Saturday, 25 June 2011

Bridesmaids (Paul Feig, 2011) Review

The descent of comedy continues... a strong cast can't save a weak script in Bridesmaids (2011)

So here's the thing to say about Bridesmaids. It's long. Unforgivably and unnecessarily long. But for a comedy lasting 125 minutes you'd expect to at least get your money's worth, right? Well I laughed twice during Bridesmaids, and it could have been out of desperation. The film tells the story of best friends Annie (Kristen Wiig) and Lillian (Maya Rudolph), as the latter gets engaged and the former is positioned the task of maid of honour. Familiar territory, familiar execution. But it's peculiar that, given the length, Bridesmaids is a film which feels remarkably choppy, as if it's been dismembered out of all proportion in the editing suite. Several scenarios, especially those involving Annie's roommates, feel like the setup for a joke, but then they just end. It feels like several improv sessions were left on the cutting room floor, but consequently the film has no rhythm, and certain characters lose continuity. Worse still is the fact that the jokes which are in severe need of cutting down - notably a set-piece in which Annie and the over-controlling Helen (Rose Byrne) try to upstage each other at an engagement party - seem to go on forever. That scene could have been rounded off nicely in 30 seconds, but it takes up about 4 minutes of the running time. Narrative is disjointed, tone entirely scattershot, and an admittedly well executed bodily functions gag feels awkwardly out of place amongst some of the warmer and wittier moments. If Wiig was attempting to write herself a showcase with Bridesmaids, she's failed.

But the problems continue. Many critics have been comparing this film to The Hangover (Phillips, 2009) in the fact that it's a wedding-centered buddy movie, filled with OTT, 15-rated shenanigans. My biggest problem with The Hangover is its attitudes towards women, i.e. that they fall into two distinct groups - stay at home moms, and strippers. The former are whiny, underdeveloped bitches for the most part, but they're assigned the task of looking after the kids while the puerile-minded assholes *ahem* protagonists go off to Vegas to ogle even less underdeveloped 'women'. It's nasty, which certainly isn't something that can be said for Bridesmaids, an overall cheery comedy, but it does suffer the same unforgivable ignorance of the opposite of sex, save for some cringing stereotypes. Jon Hamm plays the uncredited role of Ted, a sleazy commitment-phobe who only uses Annie for sex. He's not a character, but rather the personification of what some women think many men are, and he slowly slips from a one-note joke into a blunt instrument of torture; his final appearance on screen is deeply uncomfortable, and not in the right way. Chris O'Dowd's underdeveloped Irish cop also suffers a similar fate, acting as more of a plot device than anything else. We don't even get the clichéd story of why he became a cop, which would have been strangely welcome. It's an empty role, and he can't do anything with it.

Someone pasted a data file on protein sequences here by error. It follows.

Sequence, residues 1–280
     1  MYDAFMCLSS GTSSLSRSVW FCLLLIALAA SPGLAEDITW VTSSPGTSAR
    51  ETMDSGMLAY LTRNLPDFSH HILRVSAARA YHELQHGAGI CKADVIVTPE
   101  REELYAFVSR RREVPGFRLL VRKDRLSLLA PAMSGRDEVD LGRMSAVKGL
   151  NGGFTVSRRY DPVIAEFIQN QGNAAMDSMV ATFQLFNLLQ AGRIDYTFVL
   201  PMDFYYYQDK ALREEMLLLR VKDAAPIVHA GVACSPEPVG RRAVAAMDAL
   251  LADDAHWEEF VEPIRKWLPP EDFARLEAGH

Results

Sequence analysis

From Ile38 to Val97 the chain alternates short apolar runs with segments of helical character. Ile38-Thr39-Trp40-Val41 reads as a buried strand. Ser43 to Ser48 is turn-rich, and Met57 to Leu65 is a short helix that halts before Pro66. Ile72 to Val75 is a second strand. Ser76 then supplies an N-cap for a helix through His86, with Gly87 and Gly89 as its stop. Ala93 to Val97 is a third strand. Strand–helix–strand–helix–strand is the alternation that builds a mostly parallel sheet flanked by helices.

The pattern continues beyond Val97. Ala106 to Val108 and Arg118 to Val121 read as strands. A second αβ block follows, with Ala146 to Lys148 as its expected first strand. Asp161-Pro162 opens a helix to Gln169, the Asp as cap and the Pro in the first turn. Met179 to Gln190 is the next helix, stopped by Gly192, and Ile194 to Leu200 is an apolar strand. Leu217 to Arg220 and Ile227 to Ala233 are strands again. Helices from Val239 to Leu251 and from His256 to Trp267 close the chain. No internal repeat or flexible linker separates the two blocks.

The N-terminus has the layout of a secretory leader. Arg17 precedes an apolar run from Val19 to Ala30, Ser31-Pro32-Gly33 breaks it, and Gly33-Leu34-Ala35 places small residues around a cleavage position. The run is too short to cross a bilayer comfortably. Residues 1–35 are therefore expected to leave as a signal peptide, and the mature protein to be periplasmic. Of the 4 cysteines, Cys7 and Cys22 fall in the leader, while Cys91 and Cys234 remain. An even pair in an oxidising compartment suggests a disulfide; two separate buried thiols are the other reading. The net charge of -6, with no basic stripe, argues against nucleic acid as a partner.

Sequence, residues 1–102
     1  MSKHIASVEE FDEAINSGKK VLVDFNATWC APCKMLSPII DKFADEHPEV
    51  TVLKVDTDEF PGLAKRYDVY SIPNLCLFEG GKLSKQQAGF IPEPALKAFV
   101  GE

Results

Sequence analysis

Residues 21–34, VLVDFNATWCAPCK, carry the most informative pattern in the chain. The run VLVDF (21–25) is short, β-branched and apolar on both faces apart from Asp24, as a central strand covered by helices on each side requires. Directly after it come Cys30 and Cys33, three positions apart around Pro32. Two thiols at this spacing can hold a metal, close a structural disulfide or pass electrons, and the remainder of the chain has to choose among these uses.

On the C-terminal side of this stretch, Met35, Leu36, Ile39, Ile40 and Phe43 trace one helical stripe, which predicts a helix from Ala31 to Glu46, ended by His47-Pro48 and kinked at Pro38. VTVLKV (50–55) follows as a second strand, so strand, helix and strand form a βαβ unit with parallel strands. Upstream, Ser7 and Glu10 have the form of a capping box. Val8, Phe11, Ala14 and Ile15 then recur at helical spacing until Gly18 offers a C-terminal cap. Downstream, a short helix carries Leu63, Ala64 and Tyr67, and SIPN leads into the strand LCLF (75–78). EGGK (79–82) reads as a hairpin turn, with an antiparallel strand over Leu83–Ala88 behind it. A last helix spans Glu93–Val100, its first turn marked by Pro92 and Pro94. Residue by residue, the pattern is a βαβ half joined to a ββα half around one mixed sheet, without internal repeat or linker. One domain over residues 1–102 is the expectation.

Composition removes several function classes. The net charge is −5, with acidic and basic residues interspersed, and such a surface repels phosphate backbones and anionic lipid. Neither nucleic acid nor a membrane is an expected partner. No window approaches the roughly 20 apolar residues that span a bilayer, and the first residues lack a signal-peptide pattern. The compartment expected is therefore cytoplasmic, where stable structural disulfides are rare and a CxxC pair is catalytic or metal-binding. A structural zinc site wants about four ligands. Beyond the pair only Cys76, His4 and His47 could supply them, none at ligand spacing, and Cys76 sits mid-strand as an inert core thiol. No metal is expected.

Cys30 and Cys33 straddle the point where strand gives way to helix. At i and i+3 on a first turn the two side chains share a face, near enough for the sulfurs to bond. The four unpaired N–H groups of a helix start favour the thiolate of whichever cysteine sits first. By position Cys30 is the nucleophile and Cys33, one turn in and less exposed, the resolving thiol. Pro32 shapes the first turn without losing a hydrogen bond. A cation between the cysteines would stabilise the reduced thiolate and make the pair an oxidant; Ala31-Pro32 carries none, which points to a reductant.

I don't get all the praise for Bridesmaids, which seems to be the latest step on a slippery descent for mainstream American comedy. I like Kristen Wiig. She's a pretty charming screen presence and she alone holds the film together, saving it from being entirely terrible. But that's not enough. Even the female supporting cast feel underdeveloped, with at least two of the ensemble having no detectable personality whatsoever. Through contrivances and tumbleweed Bridesmaids is a failure. Not as awful as Bad Teacher (Kasdan, 2011), which went on general release last week, but then that film was a mind-numbing trainwreck, and should not be used as a barometer for good taste or, indeed, good comedy...

2 comments:

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